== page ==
Paulson re-activates secretive support team to prevent markets meltdown
Hank Paulson, the market-wise Treasury Secretary who built a $700m fortune at Goldman Sachs, is re-activating the 'plunge protection team' (PPT), a shadowy body with powers to support stock index, currency, and credit futures in a crash.
Otherwise known as the working group on financial markets, it was created by Ronald Reagan to prevent a repeat of the Wall Street meltdown in October 1987.
Mr Paulson says the group had been allowed to languish over the boom years. Henceforth, it will have a command centre at the US Treasury that will track global markets and serve as an operations base in the next crisis.
The top brass will meet every six weeks, combining the heads of Treasury, Federal Reserve, Securities and Exchange Commission (SEC), and key exchanges.
Mr Paulson has asked the team to examine "systemic risk posed by hedge funds and derivatives, and the government's ability to respond to a financial crisis".
"We need to be vigilant and make sure we are thinking through all of the various risks and that we are being very careful here. Do we have enough liquidity in the system?" he said, fretting about the secrecy of the world's 8,000 unregulated hedge funds with $1.3trillion at their disposal.
The PPT was once the stuff of dark legends, its existence long denied. But ex-White House strategist George Stephanopoulos admits openly that it was used to support the markets in the Russia/LTCM crisis under Bill Clinton, and almost certainly again after the 9/11 terrorist attacks.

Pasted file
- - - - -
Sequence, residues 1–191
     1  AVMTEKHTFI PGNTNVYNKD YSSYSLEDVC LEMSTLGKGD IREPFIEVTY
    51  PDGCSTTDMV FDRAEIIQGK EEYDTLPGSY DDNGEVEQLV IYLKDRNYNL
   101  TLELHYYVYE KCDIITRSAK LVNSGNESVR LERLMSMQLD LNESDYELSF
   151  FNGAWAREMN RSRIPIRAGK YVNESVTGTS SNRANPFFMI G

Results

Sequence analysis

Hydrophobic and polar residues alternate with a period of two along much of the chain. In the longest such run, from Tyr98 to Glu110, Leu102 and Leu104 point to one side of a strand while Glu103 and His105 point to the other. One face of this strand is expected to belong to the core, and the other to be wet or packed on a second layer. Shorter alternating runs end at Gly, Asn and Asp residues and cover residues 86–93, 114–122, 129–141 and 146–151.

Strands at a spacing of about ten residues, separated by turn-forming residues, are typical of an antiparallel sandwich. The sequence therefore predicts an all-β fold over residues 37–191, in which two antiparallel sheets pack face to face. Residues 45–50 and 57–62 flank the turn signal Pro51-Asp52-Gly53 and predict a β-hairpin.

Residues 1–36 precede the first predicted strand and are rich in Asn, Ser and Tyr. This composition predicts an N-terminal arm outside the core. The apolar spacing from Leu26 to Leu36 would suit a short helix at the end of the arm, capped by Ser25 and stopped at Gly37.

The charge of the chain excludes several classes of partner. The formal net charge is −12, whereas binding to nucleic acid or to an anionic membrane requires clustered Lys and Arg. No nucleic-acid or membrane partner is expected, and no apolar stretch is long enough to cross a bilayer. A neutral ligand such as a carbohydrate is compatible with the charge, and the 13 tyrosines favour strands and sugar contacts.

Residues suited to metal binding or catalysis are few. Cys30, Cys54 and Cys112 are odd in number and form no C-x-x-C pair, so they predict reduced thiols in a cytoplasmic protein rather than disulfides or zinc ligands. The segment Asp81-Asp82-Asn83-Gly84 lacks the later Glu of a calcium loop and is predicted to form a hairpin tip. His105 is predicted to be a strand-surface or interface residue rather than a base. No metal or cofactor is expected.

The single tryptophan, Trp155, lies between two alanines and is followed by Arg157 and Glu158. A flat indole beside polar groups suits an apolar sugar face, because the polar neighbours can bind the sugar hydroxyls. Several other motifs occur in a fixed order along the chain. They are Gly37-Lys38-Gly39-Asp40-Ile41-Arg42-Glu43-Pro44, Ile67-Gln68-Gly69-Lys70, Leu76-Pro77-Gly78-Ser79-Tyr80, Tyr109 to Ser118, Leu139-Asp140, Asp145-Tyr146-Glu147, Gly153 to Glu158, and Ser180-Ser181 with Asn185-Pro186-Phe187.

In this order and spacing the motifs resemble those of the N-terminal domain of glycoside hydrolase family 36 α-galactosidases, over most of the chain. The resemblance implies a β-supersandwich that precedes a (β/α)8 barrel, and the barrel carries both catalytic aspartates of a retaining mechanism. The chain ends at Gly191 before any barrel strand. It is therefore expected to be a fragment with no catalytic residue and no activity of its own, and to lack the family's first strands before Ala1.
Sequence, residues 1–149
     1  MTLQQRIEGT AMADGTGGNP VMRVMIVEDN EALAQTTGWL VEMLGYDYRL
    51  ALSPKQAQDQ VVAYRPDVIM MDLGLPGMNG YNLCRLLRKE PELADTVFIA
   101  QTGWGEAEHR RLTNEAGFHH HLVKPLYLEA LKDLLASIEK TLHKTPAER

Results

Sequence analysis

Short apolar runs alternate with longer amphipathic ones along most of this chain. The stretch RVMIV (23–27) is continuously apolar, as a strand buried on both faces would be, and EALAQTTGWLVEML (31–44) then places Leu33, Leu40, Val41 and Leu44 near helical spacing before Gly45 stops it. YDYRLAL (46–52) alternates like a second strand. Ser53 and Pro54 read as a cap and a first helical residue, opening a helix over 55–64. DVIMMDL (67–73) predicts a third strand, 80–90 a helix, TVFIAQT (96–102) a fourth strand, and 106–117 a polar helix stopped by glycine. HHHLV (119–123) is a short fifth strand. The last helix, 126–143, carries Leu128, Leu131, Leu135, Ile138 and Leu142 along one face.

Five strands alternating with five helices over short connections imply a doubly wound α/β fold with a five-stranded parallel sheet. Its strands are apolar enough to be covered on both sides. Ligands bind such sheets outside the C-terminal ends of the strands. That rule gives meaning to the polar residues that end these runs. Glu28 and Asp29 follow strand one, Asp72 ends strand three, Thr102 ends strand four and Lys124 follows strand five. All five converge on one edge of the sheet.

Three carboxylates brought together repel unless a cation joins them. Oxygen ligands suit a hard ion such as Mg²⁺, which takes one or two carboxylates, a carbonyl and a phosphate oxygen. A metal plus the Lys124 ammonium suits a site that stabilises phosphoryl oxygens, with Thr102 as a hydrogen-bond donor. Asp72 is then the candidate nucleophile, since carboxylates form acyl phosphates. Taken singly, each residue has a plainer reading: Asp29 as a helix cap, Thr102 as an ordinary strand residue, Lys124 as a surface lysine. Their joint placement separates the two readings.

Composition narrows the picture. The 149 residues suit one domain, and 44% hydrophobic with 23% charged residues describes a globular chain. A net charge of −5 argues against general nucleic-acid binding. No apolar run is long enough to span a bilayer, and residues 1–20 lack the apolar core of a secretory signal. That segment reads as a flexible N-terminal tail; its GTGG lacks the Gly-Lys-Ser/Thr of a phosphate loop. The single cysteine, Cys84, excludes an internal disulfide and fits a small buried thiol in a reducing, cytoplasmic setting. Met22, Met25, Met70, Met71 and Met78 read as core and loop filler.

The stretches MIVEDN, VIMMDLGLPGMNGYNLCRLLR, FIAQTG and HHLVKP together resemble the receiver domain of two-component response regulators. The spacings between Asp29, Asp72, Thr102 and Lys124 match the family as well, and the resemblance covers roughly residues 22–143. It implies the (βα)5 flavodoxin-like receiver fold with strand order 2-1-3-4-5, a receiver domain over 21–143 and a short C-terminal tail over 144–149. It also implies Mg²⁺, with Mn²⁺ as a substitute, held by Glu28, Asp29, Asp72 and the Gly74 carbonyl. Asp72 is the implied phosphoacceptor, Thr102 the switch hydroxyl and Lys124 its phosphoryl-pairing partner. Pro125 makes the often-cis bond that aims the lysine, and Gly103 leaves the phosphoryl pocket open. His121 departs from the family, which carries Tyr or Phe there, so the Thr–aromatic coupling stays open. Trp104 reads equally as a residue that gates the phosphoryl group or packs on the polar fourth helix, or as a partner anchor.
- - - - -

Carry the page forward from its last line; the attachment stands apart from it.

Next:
"They have an informal agreement among major banks to come in and start to buy stock if there appears to be a problem," he said.
"In 1998, there was the Long Term Capital crisis, a global currency crisis. At the guidance of the Fed, all of the banks got together and propped up the currency markets. And they have plans in place to consider that if the stock markets start to fall," he said.
The only question is whether it uses taxpayer money to bail out investors directly, or merely co-ordinates action by Wall Street banks as in 1929. The level of moral hazard is subtly different.
Mr Paulson is not the only one preparing for trouble. Days earlier, the SEC said it aims to slash margin requirements for institutions and hedge funds on stocks, options, and futures to as low as 15pc, down from a range of 25pc to 50pc.
The ostensible reason is to lure back hedge funds from London, but it is odd policy to license extra leverage just as the Dow hits an all-time high and the VIX 'fear' index nears an all-time low – signalling a worrying level of risk appetite. The normal practice across the world is to tighten margins to cool over-heated asset markets.
The move is so odd that conspiracy buffs are already accusing SEC chief Chris Cox of juicing the markets to help stop the implosion of the Bush presidency...